After our presentation, we attended the second talk of the night made by one of the members of brmlab. In its talk, he teached how you can make your daily online activities (browsing the web, sending email, using cloud storage services, mobile phone…) a bit more secure by using different encryption mechanisms. We found this presentation very informative and useful. Also, very interesting by the fact that in opposition to the topic we presented (opening public data to everyone), encryption enables to protect, and therefore close to others, your private information. This fact has to be considered as complimentary and not conflicting since the definition of open data excludes the private information of the user.
In general, we are really happy with the results and feedback of our first encounter and feel, although our presentation and contents can be still improved, that the topic wakes big interest on the attendees and we are looking forward for the next stop.
We are already on the road! After the crazy last weeks in Berlin preparing everything involved with leaving our normal lifes and starting a one year worldtrip plus realising this project along the way, we can finally say that we are on the road.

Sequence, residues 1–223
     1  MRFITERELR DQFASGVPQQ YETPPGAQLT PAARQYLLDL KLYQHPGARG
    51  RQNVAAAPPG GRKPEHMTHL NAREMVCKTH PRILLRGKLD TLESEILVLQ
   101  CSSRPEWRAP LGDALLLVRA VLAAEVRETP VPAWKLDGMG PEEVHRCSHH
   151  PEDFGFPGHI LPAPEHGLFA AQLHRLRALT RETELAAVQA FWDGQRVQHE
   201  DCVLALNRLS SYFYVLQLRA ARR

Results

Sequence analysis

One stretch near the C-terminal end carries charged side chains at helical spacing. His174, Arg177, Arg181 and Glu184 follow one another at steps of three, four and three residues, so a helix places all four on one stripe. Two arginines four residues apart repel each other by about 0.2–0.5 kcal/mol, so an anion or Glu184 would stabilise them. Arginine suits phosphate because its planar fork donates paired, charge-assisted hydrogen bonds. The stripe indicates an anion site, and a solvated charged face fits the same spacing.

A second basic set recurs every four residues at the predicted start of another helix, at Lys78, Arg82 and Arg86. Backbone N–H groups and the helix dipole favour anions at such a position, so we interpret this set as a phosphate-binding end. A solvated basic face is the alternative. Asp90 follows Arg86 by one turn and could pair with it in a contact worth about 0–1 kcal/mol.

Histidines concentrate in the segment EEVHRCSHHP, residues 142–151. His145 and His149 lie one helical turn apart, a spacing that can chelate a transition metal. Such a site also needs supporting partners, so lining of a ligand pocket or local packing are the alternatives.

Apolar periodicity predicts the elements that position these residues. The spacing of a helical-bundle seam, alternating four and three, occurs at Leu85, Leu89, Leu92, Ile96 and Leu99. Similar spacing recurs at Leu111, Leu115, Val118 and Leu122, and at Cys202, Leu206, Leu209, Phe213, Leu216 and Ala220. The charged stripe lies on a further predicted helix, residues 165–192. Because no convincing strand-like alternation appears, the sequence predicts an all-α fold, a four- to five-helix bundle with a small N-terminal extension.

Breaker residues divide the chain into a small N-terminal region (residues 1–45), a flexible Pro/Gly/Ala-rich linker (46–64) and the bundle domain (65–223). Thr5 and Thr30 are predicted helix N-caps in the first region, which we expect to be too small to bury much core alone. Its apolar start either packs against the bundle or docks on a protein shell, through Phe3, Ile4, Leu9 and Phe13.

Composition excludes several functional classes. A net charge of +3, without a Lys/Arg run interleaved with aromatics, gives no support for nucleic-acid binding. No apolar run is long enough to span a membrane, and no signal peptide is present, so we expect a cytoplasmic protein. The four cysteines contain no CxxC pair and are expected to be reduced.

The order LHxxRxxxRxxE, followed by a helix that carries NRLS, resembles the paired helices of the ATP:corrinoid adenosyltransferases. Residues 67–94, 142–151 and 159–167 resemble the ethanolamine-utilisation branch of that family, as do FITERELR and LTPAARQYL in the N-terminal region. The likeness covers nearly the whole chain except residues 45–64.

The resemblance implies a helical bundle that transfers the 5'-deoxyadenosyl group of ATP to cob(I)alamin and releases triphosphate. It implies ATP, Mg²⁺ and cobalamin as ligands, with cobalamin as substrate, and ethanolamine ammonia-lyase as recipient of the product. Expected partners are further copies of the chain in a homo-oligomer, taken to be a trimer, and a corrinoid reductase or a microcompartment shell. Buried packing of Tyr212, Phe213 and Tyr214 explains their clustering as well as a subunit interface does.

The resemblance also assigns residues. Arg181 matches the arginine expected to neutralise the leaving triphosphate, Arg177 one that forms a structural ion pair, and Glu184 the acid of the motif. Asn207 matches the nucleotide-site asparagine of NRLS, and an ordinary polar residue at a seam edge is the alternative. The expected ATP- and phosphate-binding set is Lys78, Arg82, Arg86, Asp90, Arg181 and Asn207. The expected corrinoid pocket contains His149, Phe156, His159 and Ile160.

We are currently in Prague preparing our first encounter with the people from brmlab.cz where we will present our project briefly.
Stay tuned for more infos, sign up for our newsletter to receive updates or come over to one of the events we are attending and say hi! By the way, we received our cards right before leaving berlin.
A few days before starting our trip, we get the opportunity to take part in the 3rd Berlin Open Data Day hosted by the Fraunhofer Institut in cooperation with the Berlin SenateÂ Administration forÂ EconomicÂ Affairs,Â TechnologyÂ and Research (equivalent to regional Ministry).
By gathering representatives from the private and the public sector (at national, regional and local level), this one-day seminar has demonstrated how actual and significant is the will to open public data and to join citizens on this process.
In Germany, even if the national state already launched its open data platform https://www.govdata.de/, it is not its competence to force the german regions and municipalities to proceed that way. Each of them is free to go ahead with open data or not. Of course, the federal state promote to be innovative on this issue and to create an open data platform which can be used by developers to create tools and applications for various purposes, from e-participation (an example could be Frag Den Staat) to local information such as public transport.Berlin counts among the german regions which are much active on this field and has its own open data portal http://daten.berlin.de/.